What do steel wool, a soda can, scissors, crayons and matches all have in common?
Each of these small, ordinary household items can play a big role in coping with a survival situation.
The time may come when you need to survive but you don’t have the ideal tools you’d like at your disposal.
With plenty of resourcefulness and a little creativity, you can use these common items – and plenty of others – to survive.
If you had to bug out quickly without being able to grab water or a portable water purifier, this will be your first project.
Collect any water you can find in a mason jar or something similar. The water is likely to be dark and dirty.
Extend a washcloth strip from that jar to an empty jar or other container. Some of the water will migrate from the first container to the other through the cloth.
Now, boil the water in the second container to get rid of debris and dirt. As a reminder, boiling water will not get rid of some contaminants, including metals and chemicals.
Grab a nine-volt battery, some steel wool and lint from your dryer.
Fluff up the steel wool and touch it all over with the positive and negative terminals of the battery. When the terminals heat up, they’ll get the steel wool burning. Add the lint as tinder and blow on it softly.
If you’re outdoors and need a bigger fire, use a dead tree branch and hold the heated steel wool against it until it catches fire.
Unlike matches and tinder, steel wool can still catch fire even if it’s moist. That’s a big advantage when you have nothing dry to use as a fire starter or tinder.
Most matches are not waterproof. That’s not a big deal when you’re using them indoors or on a dry day outdoors.
But if it’s raining or snowing and the only fire starter you have is a match, it’s pretty darn important.
Fortunately, there’s a way to waterproof your matches. You just need some turpentine, a newspaper page and a small glass or bowl.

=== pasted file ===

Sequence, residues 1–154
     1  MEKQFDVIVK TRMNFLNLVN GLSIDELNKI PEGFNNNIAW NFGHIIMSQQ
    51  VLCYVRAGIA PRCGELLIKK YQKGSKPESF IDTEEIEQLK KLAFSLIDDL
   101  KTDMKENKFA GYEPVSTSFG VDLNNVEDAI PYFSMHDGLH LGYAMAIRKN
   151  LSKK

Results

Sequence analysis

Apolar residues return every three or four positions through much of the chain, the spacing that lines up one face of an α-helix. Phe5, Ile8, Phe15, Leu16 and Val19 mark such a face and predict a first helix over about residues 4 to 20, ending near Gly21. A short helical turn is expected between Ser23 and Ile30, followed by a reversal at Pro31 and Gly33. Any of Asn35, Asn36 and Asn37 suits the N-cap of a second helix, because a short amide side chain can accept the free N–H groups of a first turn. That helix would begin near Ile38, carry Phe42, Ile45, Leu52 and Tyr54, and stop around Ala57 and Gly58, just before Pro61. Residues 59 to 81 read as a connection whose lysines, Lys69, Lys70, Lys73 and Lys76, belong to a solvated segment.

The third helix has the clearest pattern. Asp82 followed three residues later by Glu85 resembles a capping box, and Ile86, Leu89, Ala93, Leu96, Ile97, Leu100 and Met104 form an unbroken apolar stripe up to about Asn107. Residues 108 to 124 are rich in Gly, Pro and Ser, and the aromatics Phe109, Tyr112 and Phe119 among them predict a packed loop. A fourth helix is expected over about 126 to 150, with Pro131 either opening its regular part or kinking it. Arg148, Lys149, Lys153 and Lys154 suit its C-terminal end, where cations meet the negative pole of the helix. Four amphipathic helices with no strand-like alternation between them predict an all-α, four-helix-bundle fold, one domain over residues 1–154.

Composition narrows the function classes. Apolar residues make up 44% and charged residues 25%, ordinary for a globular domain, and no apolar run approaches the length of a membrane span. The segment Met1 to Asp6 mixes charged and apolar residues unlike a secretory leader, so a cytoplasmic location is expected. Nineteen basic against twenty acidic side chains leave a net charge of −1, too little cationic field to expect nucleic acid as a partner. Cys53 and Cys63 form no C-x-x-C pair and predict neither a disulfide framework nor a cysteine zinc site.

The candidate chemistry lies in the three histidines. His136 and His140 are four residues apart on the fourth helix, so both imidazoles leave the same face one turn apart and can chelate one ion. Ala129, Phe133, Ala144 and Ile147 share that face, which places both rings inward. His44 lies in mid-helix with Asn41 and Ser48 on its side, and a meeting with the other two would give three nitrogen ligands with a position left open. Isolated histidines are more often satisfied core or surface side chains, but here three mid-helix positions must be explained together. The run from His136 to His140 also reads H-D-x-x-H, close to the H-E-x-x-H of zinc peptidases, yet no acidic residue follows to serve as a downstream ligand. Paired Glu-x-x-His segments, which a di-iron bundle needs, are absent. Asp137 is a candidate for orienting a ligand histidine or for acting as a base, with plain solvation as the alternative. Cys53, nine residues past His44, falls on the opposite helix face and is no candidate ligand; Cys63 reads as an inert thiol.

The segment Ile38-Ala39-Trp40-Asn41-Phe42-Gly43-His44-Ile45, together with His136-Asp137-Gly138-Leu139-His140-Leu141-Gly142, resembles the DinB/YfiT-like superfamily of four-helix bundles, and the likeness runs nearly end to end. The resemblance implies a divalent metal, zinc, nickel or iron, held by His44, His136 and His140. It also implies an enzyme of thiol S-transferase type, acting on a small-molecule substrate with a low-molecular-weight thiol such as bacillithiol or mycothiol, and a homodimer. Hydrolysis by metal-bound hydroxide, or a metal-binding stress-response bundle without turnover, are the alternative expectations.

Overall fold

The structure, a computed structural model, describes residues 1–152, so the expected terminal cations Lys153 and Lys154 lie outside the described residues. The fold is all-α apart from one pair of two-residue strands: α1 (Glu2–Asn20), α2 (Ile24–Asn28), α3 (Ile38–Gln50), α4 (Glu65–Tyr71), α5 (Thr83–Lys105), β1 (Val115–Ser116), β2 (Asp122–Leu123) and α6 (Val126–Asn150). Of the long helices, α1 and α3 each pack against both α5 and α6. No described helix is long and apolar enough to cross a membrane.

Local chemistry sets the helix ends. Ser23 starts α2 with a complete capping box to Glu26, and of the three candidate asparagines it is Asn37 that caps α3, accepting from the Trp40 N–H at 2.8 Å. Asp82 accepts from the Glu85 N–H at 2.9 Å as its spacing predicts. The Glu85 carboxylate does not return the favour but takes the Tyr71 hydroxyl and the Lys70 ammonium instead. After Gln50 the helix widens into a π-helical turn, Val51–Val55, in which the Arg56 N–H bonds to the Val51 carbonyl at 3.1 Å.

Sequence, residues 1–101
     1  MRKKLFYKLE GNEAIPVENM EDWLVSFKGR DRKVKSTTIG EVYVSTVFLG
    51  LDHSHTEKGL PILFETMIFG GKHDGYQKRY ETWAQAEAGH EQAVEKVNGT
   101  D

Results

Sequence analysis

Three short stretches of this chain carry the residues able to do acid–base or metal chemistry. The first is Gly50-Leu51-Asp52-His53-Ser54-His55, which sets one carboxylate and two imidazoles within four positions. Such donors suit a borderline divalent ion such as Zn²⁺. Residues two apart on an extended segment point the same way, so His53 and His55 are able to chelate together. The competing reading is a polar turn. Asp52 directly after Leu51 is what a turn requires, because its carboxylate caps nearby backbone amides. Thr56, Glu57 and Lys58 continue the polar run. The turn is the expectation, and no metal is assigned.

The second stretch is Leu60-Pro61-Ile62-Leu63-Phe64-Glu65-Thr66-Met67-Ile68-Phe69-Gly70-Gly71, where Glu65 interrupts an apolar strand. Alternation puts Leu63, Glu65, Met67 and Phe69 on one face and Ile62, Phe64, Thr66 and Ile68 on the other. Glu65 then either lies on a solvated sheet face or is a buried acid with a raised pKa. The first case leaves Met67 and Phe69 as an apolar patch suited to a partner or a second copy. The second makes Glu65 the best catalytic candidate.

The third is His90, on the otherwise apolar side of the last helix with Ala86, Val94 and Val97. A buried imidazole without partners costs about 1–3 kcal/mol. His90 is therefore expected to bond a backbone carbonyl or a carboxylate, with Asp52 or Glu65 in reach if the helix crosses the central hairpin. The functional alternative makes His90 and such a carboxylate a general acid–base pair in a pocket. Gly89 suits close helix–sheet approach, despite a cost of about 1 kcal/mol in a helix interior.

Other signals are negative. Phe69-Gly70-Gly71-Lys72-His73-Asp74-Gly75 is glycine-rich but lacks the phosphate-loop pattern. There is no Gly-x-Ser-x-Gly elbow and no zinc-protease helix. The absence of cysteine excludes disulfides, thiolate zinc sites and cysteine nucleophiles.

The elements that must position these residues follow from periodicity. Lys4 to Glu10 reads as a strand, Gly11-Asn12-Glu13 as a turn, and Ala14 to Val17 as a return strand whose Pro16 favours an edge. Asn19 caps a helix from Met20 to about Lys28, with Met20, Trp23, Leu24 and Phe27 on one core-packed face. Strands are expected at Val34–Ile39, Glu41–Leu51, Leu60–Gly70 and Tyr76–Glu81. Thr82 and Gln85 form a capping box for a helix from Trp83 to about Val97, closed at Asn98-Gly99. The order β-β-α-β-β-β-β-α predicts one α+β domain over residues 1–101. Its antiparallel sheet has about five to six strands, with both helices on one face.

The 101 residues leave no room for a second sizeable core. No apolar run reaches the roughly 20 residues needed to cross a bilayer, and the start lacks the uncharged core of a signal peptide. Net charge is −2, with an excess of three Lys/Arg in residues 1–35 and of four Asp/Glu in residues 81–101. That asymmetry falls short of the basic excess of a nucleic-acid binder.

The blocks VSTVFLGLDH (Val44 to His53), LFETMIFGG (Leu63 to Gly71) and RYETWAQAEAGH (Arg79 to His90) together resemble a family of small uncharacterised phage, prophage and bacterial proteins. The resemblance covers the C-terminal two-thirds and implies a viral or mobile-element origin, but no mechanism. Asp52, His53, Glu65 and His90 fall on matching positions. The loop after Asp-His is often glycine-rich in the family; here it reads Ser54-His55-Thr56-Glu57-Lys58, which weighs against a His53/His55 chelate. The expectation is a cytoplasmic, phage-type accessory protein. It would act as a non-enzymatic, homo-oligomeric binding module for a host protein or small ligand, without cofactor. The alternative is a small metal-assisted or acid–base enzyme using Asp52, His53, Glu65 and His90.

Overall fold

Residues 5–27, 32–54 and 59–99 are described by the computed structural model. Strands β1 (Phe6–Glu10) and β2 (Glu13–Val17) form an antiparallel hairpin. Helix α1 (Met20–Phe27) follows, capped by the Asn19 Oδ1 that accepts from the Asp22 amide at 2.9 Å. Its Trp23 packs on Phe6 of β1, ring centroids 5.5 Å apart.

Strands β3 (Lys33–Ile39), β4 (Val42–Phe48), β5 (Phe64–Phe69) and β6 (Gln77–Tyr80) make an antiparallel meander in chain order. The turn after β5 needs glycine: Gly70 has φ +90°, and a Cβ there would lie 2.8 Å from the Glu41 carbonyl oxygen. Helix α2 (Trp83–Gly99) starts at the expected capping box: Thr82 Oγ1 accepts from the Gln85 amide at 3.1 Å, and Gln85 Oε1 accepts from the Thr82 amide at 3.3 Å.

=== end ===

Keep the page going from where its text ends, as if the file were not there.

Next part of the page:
Pour several tablespoons of turpentine into the glass or bowl. Soak the tips of your matches in the turpentine for about five minutes.
Spread the matches out on a newspaper sheet to dry for about 20 minutes They should now be waterproofed.
Even if your emergency rocket stove is small and light, you can use it to cook a simple meal.
Here’s what you need. A large, empty can, scissors, pliers, matches or a lighter, rubbing alcohol, a roll of toilet paper, and a fireproof surface. Oh, and don’t forget gloves.
After taking the lid off your can, cut slits into the top rim, a couple of inches apart. Bend the flaps with your pliers, with every other flap bending outward.
Insert the roll of TP after turning the can upside down. Saturate the toilet paper with rubbing alcohol. With your gloves on, light the TP roll. Only use this stove in a ventilated area.
This one is easy. And the only supplies you need are an assortment of crayons, a hard, flat surface, and a lighter or other fire starter.
In order to bring some light to your dark situation, take a flame to the tip of a crayon, including the paper label that will help serve as tinder.
Once it’s burning, wedge it between a couple of hard objects such as rocks. Then repeat the process with as many crayons as you can.
The average crayon should stay lit for about a half-hour if the wind does not blow it out.
Items such as a soda can tab, paracord, a lighter, a pocket knife, scissors and diagonal cut pliers can help you land a fish.
With your knife, cut a hole in the bottom of a soda can. Then cut as much metal around the hook as you can.
Cut paracord to about five inches in length. Insert the hook into your paracord, then cut excess cord.
Light the top end of the paracord, leaving the bottom end frayed. Keep it in your tackle box.
I’d strongly suggest practicing some of these survival methods using household items. Don’t wait for an emergency to figure out whether they work for you.